These maps paint a picture of coverage from a macro perspective, keep in mind that within a covered area there may be localized dead spots. Putting that aside for now, we can see that both AT&T and Verizon have similar coverage footprints from a voice perspective, but when you compare the 3G maps, the difference in coverage footprint is staggering. Verizon constantly uses AT&T’s 3G map against them in their advertising campaigns. AT&T’s response is that their 3G coverage covers 75% of the U.S. population, they have all the popular smartphones (read as “we have the iPhone”) and they have the fastest 3G network.  All of which are true, but the visual of the Verizon vs. AT&T 3G maps is much easier to burn in people’s minds than the facts and figures AT&T puts out.

So, from a high level, AT&T’s coverage looks good. They claim to cover 97% of the U.S. population for voice and 75% of the population for 3G data. Unless you are in a rural area, you should have no problem getting a good voice and data connection, right? If one were to look at Consumer Reports and the anecdotal information on the Internet, the answer would seem to be “not really.” AT&T has borne the brunt of a lot of consumer wrath and been the butt of jokes. When the iPad was announced, comedian Steven Colbert remarked on his show:  “The iPad has the same touchscreen technology as the iPhone, and the same apps, and just like an iPhone, you can’t make phone calls with it.”

The aim here is not to go in to technical issues about AT&T’s network, but to understand the iPhone’s impact on AT&T’s brand perception.

In Consumer Reports January 2007 (pre-iPhone) cell service survey AT&T scored 62.6, ranking it #3 amongst the four major carriers. The mean across all four carriers was 66. Fast forward to January 2010, they scored 66, ranked #4, mean was 70. While the industry improved their score 6% as an aggregate, AT&T improved 5%. Despite spending billions to upgrade their network, their customer satisfaction fell very slightly relative to their competitors. The bottom line is that this data shows no appreciable drop in consumer satisfaction with AT&T since the iPhone was released.

If AT&T’s overall customer satisfaction has not changed since the iPhone was released, why has AT&T taken so much heat since the iPhone was released? The reason is what I will call the ‘iPhone effect.’  While iPhone users represent less than 15% of AT&T’s customer base, they are more sophisticated, spend more money and are more vocal than the average AT&T customer. They are savvy, passionate, early adopter thought leaders that can generate disproportionate word of mouth and radiate influence accordingly. Social media ad network BuzzLogic found in 2009 that AT&T’s data plan for the iPhone was discussed in 23% of the influential online conversations, much more than those of any other smartphone,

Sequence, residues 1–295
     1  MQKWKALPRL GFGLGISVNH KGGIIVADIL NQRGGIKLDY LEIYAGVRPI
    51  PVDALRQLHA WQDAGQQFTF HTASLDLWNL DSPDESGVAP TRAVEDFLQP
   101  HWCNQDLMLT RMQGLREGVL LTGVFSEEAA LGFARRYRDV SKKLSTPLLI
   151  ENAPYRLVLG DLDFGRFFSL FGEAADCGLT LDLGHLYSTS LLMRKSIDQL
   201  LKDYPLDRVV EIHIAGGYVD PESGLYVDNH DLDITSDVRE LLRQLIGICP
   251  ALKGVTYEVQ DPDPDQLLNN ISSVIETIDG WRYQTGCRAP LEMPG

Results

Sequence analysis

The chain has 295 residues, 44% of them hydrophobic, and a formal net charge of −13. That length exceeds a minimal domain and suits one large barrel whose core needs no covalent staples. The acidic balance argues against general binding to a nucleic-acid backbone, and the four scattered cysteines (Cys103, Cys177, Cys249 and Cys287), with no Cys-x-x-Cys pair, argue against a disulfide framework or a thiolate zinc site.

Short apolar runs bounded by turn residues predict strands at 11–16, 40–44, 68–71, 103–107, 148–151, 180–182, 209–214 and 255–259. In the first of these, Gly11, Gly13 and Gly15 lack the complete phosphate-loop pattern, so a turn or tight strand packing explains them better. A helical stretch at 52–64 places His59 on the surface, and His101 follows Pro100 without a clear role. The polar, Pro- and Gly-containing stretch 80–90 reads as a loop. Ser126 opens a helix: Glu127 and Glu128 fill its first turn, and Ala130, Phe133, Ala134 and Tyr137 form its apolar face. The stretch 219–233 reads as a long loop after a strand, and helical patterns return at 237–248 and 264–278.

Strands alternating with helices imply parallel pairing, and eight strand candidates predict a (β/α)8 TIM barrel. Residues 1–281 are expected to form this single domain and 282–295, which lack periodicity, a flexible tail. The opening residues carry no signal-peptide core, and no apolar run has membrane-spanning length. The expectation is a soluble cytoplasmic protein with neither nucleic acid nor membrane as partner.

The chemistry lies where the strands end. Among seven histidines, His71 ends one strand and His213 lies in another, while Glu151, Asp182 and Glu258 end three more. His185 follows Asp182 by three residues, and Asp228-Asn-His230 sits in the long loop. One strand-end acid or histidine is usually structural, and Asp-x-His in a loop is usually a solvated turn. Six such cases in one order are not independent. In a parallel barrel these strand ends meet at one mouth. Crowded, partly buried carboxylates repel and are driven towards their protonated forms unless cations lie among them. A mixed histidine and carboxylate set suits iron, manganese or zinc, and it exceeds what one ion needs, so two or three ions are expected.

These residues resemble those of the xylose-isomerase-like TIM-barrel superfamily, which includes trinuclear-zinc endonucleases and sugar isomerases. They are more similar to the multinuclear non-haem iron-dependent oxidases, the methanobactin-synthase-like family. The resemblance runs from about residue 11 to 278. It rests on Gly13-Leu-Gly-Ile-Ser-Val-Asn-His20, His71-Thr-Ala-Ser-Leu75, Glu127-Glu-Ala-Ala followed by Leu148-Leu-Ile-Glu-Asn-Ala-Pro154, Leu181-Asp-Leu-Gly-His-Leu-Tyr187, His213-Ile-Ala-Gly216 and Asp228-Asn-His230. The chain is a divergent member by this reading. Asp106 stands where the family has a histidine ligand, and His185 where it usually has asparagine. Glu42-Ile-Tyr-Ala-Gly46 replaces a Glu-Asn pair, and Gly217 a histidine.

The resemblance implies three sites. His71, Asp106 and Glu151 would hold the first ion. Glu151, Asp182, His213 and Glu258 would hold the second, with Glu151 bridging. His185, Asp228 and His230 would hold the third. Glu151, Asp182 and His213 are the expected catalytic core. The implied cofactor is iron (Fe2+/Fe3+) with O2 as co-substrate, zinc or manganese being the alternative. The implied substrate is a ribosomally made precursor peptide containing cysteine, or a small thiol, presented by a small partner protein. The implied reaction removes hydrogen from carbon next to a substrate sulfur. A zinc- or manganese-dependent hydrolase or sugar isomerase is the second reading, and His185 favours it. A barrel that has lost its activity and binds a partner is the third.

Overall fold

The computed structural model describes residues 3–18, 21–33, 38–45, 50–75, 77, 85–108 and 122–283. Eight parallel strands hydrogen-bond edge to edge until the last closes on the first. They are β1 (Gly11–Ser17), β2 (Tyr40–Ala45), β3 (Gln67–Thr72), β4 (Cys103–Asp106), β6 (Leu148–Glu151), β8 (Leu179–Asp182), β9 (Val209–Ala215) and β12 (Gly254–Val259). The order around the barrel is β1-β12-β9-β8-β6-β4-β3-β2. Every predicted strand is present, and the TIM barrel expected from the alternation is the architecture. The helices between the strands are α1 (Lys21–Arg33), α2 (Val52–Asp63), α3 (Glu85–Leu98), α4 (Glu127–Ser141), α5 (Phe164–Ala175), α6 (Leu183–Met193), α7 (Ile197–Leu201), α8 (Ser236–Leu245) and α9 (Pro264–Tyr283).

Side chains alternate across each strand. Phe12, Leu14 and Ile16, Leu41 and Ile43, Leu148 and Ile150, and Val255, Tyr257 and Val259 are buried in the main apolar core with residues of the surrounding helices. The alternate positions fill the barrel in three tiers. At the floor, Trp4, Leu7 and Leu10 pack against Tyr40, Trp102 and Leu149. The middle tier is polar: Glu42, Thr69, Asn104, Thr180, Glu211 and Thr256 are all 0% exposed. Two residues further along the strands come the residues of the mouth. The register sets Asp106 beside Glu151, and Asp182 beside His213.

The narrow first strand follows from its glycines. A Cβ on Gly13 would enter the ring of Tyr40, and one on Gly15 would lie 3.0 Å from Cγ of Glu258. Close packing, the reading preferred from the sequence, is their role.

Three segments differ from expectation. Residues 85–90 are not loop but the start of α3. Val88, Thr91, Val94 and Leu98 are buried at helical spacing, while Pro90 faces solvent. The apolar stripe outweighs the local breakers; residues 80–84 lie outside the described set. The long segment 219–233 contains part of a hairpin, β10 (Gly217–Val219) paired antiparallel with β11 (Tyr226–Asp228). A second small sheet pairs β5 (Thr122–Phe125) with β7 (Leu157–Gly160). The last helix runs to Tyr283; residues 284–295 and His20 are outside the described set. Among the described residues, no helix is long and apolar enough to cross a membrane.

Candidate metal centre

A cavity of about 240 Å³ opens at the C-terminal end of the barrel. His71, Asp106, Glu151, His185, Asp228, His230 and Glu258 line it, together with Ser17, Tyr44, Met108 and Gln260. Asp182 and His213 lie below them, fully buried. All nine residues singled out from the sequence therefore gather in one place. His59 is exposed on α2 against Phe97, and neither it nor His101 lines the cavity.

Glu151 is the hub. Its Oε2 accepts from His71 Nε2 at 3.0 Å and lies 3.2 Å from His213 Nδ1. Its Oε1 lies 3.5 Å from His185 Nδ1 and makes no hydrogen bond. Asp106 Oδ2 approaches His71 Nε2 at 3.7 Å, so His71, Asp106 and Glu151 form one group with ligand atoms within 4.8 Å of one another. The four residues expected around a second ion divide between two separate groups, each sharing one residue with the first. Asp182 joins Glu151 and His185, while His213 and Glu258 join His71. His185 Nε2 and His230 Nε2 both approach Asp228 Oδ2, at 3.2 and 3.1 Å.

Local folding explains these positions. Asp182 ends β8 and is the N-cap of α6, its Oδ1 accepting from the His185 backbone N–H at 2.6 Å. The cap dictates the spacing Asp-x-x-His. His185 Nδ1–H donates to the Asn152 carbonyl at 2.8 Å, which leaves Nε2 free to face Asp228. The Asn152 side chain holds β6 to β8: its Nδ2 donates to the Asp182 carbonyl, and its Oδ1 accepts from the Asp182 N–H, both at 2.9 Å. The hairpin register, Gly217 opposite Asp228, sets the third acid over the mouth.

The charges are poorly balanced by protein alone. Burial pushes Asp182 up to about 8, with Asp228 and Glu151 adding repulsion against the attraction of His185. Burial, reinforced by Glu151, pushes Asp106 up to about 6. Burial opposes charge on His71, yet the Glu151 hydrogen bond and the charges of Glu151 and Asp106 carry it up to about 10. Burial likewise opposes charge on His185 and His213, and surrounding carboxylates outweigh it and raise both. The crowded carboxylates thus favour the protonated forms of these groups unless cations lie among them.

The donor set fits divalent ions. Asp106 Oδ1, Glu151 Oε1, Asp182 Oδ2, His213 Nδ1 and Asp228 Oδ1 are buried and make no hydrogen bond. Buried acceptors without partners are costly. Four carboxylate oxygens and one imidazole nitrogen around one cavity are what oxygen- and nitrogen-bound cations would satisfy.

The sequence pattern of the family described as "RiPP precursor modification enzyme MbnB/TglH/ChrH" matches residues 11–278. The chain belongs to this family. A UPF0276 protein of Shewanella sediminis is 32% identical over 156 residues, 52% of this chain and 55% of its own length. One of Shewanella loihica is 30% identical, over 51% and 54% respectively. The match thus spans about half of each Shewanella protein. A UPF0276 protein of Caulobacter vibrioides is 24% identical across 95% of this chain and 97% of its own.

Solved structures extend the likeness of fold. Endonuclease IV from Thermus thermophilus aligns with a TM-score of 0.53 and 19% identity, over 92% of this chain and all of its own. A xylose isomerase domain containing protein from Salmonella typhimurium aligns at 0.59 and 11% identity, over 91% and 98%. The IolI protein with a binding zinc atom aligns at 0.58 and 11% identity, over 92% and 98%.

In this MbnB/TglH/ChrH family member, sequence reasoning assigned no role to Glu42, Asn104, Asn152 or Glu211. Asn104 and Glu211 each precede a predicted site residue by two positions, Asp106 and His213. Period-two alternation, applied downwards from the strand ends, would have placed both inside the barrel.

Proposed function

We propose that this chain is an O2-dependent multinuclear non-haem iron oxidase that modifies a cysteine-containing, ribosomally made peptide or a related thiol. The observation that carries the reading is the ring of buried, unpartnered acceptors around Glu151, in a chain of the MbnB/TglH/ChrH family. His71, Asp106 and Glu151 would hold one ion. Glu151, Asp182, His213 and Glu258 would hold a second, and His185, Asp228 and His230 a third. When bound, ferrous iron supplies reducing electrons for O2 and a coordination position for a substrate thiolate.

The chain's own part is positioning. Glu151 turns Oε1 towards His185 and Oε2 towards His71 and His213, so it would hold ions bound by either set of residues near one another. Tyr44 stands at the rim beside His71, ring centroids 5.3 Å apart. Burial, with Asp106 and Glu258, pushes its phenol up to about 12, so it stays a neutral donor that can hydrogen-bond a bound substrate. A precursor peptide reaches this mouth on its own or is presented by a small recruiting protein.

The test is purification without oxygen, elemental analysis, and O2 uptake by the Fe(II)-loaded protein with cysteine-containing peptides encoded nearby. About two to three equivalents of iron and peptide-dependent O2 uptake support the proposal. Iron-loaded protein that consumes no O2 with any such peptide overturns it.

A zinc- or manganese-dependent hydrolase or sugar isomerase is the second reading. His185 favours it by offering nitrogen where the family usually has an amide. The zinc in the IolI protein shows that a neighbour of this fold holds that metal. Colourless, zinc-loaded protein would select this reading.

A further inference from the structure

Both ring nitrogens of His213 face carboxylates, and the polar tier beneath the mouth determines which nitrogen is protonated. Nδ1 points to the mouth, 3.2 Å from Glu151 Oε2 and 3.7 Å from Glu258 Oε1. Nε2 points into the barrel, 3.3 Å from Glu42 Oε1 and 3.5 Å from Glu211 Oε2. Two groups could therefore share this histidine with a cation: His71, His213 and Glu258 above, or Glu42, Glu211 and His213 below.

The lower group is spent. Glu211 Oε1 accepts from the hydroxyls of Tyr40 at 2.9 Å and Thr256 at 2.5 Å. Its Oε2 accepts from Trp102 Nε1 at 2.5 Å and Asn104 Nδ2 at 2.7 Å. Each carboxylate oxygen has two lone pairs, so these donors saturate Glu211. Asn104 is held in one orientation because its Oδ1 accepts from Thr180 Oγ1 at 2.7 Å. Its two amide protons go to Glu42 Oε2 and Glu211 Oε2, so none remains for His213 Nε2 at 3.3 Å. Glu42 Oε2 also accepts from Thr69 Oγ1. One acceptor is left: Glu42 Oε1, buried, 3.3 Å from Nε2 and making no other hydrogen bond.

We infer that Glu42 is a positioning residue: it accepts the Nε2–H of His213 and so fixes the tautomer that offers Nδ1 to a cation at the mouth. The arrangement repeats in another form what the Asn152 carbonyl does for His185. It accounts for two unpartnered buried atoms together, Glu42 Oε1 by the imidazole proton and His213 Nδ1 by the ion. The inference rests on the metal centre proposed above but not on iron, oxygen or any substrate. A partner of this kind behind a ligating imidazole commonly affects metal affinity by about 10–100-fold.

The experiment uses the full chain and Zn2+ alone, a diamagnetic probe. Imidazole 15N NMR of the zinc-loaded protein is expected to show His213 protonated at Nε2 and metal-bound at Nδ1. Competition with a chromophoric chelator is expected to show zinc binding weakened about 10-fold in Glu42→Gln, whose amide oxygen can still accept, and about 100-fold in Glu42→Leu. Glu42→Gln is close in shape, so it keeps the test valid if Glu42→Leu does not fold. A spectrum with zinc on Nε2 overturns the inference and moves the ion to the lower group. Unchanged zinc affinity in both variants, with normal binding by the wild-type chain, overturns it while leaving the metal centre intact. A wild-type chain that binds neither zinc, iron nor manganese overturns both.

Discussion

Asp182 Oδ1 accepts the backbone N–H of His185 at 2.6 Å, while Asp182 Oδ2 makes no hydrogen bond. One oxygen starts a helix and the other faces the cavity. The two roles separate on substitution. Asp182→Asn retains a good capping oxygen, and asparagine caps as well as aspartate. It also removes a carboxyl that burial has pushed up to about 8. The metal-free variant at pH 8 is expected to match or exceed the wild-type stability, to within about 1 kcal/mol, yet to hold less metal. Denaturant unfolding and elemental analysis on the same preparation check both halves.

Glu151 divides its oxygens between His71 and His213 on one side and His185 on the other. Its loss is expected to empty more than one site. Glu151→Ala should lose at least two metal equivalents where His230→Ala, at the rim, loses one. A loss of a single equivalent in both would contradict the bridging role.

though negative tones hang over more than half of those conversations. The iPhone Generates 2-4x the network traffic of other smartphones, so if you do the math, this 15% of AT&T’s customer base represents about half of AT&T’s overall wireless data traffic.

The consensus among analysts is that AT&T took the iPhone deal but vastly underestimated the impact the iPhone would have on its network and was not prepared for the ‘iPhone effect.’  The iPhone represented a paradigm shift in the wireless device market. AT&T was either unwilling or unable to adjust the market research methods they used to estimate network usage. A recent article in the Wall Street Journal put it best:

Before the iPhone, [AT&T} used to be able to accurately forecast to the minute the type of phone usage each new customer would add to its network based on basic demographics such as age and income levels. The forecast always held true across cities and towns.

But with the iPhone, such bets are off, AT&T executives painfully learned. It now looks at a broader set of customer profiles to forecast behaviors. For example, in a metro area with a large proportion of students, the phone operator schedules network upgrades to occur outside of colleges' nine-month academic terms.

"I'm as interested now in what you're doing when you're not on the network," said John Stankey, head of AT&T's operations arm.

To illustrate the ‘iPhone effect’ on AT&T’s image, consider the following: According to AdWeek, the YouGov Brand Index rating for AT&T slipped from 18.3 in June 2009 to 14.6 in September 2009. As a point of reference, Verizon held steady at 21.2. This is significant because this represents the launch period for the iPhone 3GS. The day the 3GS went on sale was a record-breaking sales day for AT&T.  During this period, they added millions of iPhones to their network; millions of gobbling up 2-4x the resources of other phones.